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Download Games Roundup

HydroVenture! MicroBot! Blokus! Spin! Shooter!

It's long been accepted that the games industry basically turns off the tap of new boxed releases for most of December and January, but this year that only seems to have provoked the download sector. This past few weeks has produced some of its best games in ages, with the likes of Raskulls, ilomilo and echochrome II demonstrating the depth and quality you'd expect from games costing many times the price they ask.

Those appear to be just the tip of the iceberg, too, as this week's exceptional line-up of downloadable titles demonstrates in some style, with two 9/10 offerings, two 8/10s and a 7/10, and many more left off the five-game shortlist due to lack of space. In particular, we didn't have room for the many interesting new Xbox Indie titles doing the rounds (including Score Rush, ZP2KX, Revolver360 and Cthulhu Saves The World – titles we hope to get to soon). In the meantime, enjoy the best line-up of download titles yet.


  • PSN - £3.99 (£2.99 with PlayStation Plus)

Where have you been all my life, Blokus? Somehow I've managed to avoid physical contact with this incredibly tense, absorbing shape-laying multiplayer puzzle game over the past decade. And not because it's been trying to avoid my attention, either – there's the original board game, the bizarrely overlooked PSP game release, Gameloft's excellent iOS versions released last year, and there's even Blokus Online. Whoops.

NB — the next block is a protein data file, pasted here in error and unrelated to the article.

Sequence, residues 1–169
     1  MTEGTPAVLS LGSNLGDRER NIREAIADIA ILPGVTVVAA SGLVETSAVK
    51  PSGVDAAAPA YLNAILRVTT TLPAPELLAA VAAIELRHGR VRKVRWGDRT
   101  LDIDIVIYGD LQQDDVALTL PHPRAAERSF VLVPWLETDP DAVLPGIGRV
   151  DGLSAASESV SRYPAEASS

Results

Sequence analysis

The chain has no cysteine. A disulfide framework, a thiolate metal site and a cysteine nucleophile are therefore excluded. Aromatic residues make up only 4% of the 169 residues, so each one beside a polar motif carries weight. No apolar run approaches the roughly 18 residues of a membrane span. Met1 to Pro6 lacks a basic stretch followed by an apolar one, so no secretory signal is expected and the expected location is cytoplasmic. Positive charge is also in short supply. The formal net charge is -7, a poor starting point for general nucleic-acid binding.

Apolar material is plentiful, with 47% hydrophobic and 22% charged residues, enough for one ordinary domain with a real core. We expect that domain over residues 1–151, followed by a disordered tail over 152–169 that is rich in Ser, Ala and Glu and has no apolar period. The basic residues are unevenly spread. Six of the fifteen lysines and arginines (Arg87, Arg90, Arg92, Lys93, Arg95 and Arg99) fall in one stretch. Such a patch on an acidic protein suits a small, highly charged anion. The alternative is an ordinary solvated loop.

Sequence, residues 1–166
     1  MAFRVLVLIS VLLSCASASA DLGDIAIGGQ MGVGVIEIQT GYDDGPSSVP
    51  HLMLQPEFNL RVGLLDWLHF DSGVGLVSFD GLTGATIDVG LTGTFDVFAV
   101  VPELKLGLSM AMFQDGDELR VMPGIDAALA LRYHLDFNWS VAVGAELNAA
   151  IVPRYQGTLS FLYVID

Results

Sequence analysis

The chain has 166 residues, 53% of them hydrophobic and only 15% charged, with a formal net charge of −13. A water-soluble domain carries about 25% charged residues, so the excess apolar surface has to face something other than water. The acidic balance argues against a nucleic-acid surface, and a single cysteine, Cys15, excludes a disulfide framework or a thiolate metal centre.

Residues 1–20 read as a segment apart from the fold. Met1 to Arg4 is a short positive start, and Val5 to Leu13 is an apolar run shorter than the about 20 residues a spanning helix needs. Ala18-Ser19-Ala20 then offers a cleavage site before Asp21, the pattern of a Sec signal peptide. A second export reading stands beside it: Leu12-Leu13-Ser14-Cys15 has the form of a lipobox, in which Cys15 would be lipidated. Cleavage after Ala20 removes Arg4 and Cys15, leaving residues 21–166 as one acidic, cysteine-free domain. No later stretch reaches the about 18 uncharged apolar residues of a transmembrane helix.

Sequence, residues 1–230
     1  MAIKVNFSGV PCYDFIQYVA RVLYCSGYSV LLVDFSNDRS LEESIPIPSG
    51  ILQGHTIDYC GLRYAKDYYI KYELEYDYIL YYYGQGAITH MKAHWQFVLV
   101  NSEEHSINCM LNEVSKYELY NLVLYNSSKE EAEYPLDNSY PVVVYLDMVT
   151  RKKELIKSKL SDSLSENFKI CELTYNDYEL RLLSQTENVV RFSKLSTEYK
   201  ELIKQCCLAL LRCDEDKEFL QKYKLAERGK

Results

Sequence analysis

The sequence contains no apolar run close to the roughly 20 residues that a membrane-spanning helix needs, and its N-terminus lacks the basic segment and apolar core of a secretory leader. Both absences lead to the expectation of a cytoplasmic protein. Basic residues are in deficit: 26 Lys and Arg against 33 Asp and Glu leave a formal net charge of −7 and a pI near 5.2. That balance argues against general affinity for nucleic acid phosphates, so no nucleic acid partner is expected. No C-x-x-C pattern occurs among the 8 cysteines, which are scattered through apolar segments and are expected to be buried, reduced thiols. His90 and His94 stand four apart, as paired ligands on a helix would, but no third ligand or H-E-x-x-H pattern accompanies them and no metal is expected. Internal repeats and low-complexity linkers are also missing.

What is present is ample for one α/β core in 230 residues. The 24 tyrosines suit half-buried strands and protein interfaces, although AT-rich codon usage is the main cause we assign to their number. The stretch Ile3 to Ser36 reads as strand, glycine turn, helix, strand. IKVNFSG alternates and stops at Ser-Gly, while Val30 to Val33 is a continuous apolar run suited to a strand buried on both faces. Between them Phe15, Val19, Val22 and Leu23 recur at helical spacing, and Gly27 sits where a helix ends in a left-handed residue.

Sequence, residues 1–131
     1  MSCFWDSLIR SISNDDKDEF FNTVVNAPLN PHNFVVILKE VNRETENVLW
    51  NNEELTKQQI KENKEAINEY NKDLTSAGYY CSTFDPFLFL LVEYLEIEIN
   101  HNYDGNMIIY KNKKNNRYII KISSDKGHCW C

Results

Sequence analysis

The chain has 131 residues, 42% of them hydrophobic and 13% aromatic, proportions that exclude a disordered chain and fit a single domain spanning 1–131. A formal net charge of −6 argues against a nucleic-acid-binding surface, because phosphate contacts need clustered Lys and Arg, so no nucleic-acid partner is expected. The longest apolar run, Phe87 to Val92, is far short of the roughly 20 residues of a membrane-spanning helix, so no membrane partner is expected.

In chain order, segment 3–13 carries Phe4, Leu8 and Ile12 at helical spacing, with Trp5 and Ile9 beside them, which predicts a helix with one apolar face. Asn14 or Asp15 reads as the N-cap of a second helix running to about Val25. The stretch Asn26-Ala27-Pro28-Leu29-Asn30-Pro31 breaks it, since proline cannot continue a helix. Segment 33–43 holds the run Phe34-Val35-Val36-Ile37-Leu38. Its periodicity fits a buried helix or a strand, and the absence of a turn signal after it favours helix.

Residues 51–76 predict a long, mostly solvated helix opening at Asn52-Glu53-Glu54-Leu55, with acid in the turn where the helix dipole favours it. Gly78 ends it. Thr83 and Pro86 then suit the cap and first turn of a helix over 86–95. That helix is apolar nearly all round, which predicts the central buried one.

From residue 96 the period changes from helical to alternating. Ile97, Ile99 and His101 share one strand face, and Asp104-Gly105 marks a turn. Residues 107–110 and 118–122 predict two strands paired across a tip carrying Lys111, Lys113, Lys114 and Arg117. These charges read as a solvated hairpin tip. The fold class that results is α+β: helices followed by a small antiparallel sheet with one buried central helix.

Blokus party. Shame the avatars are so hideously generic.

Now available with PlayStation Move enhancements on PSN, I decided to atone for my error by actually bothering to review it. I'm extremely glad I did.

If you've never indulged, here's the deal. You have 21 assorted Tetris-esque shapes to dispense with, and take it in turns with up to three other players to do so. The game finishes when all players are blocked from laying down any more pieces.

Played on a 20 by 20 grid, the game kicks off with each player laying down a piece of their choice in their respective corners, and each new piece must touch only the corner of another piece of the same colour, and never the sides. Within a few turns you start strategically being the biggest bastard possible by blocking your foes from laying their weary slabs. It all gets testy very quickly.

The ultimate aim, of course, is to occupy the largest number of squares on the board, which the game tallies up based on the pieces you've laid. If you're ninja enough to lay all 21 pieces, you gain an extra 15 points to go with your smug grin.

Although arguably best played as a four-player game with real people in the same room, the PSN version offers plenty of scope to play with canny AI, including a mode where you take control of two sets of shapes, as well as a team-based mode where you must gang up against two of your opponents.

Predictably, it's a breeze to play on Move. The drag-and-drop premise lends itself particularly well to the new controller. But even on a boring old DualShock, this is among the most intense, competitive, and devilishly strategic puzzle games I've ever come across, and it's as cheap as (posh) chips. Buy it immediately.


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Kristan Reed avatar

Kristan Reed


Kristan is a former editor of Eurogamer, dad, Stone Roses bore and Norwich City supporter who sometimes mutters optimistically about Team Silent getting back together.